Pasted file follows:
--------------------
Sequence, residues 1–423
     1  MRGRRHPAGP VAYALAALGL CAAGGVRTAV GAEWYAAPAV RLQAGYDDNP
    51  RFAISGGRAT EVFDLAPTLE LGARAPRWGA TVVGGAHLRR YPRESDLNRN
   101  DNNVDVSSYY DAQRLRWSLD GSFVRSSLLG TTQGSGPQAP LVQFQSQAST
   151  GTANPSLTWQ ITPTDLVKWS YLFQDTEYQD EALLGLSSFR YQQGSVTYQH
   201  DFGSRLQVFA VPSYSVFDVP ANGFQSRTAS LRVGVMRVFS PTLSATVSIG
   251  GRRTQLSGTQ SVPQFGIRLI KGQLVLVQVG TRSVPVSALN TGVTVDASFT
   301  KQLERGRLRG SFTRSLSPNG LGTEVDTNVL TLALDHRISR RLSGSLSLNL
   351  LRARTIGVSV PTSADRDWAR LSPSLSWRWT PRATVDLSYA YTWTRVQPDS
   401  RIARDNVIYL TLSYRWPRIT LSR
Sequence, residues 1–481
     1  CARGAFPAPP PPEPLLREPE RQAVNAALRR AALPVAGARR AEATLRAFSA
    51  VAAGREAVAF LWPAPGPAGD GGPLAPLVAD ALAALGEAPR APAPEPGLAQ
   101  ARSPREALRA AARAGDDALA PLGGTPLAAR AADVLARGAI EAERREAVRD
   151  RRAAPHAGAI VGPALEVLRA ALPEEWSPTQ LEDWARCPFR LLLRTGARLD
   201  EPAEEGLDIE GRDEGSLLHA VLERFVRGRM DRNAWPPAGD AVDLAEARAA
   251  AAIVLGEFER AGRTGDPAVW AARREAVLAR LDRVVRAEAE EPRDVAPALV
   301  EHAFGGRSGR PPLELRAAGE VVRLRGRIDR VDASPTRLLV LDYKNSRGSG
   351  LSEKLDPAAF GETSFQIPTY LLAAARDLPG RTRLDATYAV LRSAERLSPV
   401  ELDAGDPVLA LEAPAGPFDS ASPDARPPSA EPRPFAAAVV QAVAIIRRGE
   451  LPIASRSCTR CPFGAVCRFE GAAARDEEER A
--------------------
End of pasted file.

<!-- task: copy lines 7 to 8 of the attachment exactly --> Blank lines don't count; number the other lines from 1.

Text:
   251  GRRTQLSGTQ SVPQFGIRLI KGQLVLVQVG TRSVPVSALN TGVTVDASFT
   301  KQLERGRLRG SFTRSLSPNG LGTEVDTNVL TLALDHRISR RLSGSLSLNL